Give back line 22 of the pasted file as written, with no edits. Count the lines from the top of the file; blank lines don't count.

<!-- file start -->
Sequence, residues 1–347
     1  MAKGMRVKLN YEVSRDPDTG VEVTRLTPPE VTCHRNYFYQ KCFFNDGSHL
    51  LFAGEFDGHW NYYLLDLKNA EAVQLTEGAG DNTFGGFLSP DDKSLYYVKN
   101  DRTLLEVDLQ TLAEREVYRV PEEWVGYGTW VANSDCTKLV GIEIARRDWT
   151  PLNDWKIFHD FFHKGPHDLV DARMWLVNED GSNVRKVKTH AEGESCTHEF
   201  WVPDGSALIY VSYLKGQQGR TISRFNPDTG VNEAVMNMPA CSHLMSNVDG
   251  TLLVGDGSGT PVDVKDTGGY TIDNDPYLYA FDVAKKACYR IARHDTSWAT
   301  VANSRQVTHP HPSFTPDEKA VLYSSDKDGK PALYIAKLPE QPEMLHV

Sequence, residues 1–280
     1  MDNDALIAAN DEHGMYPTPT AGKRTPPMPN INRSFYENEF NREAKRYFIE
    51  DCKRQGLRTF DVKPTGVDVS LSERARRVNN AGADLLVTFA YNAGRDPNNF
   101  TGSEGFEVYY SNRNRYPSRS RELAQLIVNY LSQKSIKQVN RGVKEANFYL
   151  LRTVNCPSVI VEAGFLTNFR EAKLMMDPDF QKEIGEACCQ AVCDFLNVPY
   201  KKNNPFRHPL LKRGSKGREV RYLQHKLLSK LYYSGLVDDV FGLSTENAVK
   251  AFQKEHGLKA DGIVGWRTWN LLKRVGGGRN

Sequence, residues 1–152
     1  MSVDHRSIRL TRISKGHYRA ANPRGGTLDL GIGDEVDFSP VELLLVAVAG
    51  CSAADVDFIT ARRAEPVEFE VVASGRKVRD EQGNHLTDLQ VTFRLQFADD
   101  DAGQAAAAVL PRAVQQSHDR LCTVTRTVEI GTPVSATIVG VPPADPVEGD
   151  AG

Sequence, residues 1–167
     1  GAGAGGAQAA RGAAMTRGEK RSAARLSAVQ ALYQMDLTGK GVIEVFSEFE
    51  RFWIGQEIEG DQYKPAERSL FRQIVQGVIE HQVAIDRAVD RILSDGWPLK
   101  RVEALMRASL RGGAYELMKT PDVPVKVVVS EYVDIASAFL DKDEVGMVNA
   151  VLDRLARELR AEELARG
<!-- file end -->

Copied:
     1  GAGAGGAQAA RGAAMTRGEK RSAARLSAVQ ALYQMDLTGK GVIEVFSEFE